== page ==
Why are Carols Only for Christmas?

Nobody goes Easter caroling or Halloween caroling. We don’t sing carols around the piano bar. Is it just the alliteration that makes carols a Christmas thing? What makes a song a carol, and why do we only sing them at Christmas?

In a world filled with warfare, poverty, and life-or-death health struggles, these are the kinds of questions that keep me up at night, so you can tell my perspective is not warped at all.

But at least I can put this curiosity to work when it’s time to write a blog.

What is a Carol Anyway?

Carols started out as the 12th Century equivalent to a disco anthem. They were dance tunes with words that first became popular around the year 1150. The word probably comes from the Latin term choraula, which refers to musicians, but the French word “carole” refers to a circle dance where everyone would join hands, a leader would sing verses and the rest of the group would join on the refrain, also known as the “burden.”

This explains why none of us know the verses to Christmas carols. It’s not our job. We’re just waiting for the leader to finish so we can contribute to the burden.

Carols Weren’t Originally Religious

We now tend to think of Christmas carols as religious songs, contrasted with other Christmas songs such as “White Christmas.” (Some songs, like “Jingle Bells,” aren’t religious or even Christmasy but they have quaint lyrics so we treat them as Christmas carols.)

Songs like “Away in a Manger,” “Angels We Have Heard on High,” and “The First Noel” definitely refer to the Christ part of Christmas. However, many of the original carols were just popular songs that could be written for any season. People used to sing harvest carols and May carols. Many medieval carols were complex and performed by professionals at banquets and festivals, and they often told a story that had a moral message.

While sources seem to disagree about when the focus of carols became religious, it might make more sense to ask when the secular carols disappeared. The original Christmas hymns, as songs of the church, were sung in Latin, which was a language generally only used by highly-educated people. The religious reformation movements, particularly starting in the 1500s, emphasized spreading the Word of God in common language rather than Latin, and songs are the easiest way to do that.

Christmas Carols vs. Hymns

From a technical perspective, there is a difference between Christmas carols and Christmas hymns. Despite devoting a solid 15 minutes of my life to copious research, I don’t quite understand the distinction. My best guess is that when no one’s sure who wrote the melody, they call it a carol and when they have a definite author of both lyrics and music, historians call it a Christmas hymn. But the distinction is probably far more technical. Some writers have said that hymns are theological while carols focus on factual parts of the Christmas story such as the manger, animals, star, and wise men.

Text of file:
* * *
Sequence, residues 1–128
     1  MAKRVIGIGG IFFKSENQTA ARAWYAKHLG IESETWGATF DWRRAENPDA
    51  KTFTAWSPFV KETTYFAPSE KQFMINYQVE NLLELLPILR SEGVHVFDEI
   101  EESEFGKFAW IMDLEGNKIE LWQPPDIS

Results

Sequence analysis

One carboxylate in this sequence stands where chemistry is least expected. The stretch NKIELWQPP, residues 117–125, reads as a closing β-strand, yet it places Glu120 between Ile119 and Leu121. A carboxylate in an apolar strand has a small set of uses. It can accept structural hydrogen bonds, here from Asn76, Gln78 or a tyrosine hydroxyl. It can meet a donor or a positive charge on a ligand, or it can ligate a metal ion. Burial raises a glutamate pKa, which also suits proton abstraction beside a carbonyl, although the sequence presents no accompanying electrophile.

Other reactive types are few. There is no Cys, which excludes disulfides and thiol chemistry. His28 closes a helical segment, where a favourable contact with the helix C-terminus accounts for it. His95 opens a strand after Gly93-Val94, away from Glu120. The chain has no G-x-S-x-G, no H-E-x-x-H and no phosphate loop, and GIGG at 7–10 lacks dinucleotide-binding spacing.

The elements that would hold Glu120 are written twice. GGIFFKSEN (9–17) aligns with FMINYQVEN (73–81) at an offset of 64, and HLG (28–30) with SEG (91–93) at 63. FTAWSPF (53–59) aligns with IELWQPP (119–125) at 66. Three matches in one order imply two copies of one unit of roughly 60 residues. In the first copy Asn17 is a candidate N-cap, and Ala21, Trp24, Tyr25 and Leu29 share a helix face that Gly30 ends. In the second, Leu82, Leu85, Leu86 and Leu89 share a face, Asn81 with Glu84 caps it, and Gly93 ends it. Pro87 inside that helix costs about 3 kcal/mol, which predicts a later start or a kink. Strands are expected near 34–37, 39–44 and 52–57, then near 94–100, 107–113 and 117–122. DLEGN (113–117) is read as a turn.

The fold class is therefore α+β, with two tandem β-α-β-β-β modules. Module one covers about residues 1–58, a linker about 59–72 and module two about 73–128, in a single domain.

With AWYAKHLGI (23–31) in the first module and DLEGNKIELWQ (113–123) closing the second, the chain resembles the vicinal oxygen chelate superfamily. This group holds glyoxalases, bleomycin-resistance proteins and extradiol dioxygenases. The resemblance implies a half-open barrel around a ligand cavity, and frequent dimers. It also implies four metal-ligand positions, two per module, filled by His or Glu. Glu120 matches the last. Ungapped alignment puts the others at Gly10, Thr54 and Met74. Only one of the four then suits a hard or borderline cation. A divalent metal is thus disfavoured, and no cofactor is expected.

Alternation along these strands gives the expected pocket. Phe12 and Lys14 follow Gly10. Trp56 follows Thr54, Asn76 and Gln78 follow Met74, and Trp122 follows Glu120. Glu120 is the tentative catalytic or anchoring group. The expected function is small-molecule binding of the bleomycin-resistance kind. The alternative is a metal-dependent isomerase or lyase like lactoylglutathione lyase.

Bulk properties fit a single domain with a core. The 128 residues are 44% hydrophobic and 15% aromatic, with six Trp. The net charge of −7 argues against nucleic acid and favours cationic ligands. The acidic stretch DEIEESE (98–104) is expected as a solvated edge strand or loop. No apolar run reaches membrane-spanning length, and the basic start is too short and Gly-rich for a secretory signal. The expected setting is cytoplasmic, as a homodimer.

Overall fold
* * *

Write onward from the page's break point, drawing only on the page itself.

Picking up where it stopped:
Many popular Christmas hymns and carols date from the 1700s, including “Joy to the World” (hymn), “Hark the Herald Angels Sing” (hymn) and “Angels We Have Heard on High” (carol). However, most of the ones we sing these days come from the 1800s including “It Came Upon a Midnight Clear” (hymn), “Oh Come All Ye Faithful” (hymn), and “We Three Kings” (carol).

Gangs of Roving Carolers

Unlike hymns, which are associated with church, Christmas carols are associated with people singing from door to door. This tradition of going around the village with a bowl of wassail to share and spread cheer dates back as far as the original Christmas carols, although it seems likely that those original carolers were not actually singing true carols (which were professional) but just basic drinking songs. Some sources say that the wassailers brought a giant goblet to share from house to house while other traditions insist that those singing expected to be rewarded with wassail at each stop.

Wassail is a warm drink based on ale, cider, or wine with spices and sometimes a frothed egg. The spices and eggs would have made it an expensive beverage, so it would be saved for special occasions such as the harvest or Christmas.

I’m guessing that that traditions of door-to-door drinking is what made the Puritans ban Christmas carols and everything else associated with the holiday.

Have Yourself a Merry Little Christmas Carol

The next time you hear a Christmas song, you can wonder whether it is a carol, a hymn, or something different. The song “Carol of the Bells,” for instance, is a Ukrainian song celebrating the new year. Though we now associate the turning of the year with the Christmas season, the song dates back to the pagan era when the new year was marked in April. And “Jingle Bells?” Don’t even get me started on that one. (I’ve got a whole blog ranting about why we shouldn’t be singing it.)

From today on, you’ll stop hearing Christmas songs until marketers start pushing the season in September or so. But traditionally, the Christmas season lasted another 12 days with the biggest celebrations on Twelfth Night to mark Epiphany. So those of us who live our lights up for a while are not being lazy but liturgical.

You’re welcome. And Merry Christmas!


Information in this article came from a variety of print and online sources including The Canterbury Dictionary of Hymnology, https://hymnology.hymnsam.co.uk/e/english-carols#:~:text=The%20ordinary%20worshipper%20may%20often,with%20the%20expression%20of%20faith.

“Christmastime in Song” by Immaculate Conception Catholic Church, Wilmington, NC 2023.

University of Plymouth https://www.plymouth.ac.uk/discover/the-history-of-christmas-carols#:~:text=The%20word%20carol%20comes%20from,Christmas%20which%20has%20really%20survived.




If you enjoy stories about dysfunctional families struggling with holiday traditions, you might like my Christmas novellas such as “Change of Address” and “An Excuse for Poor Conduct.”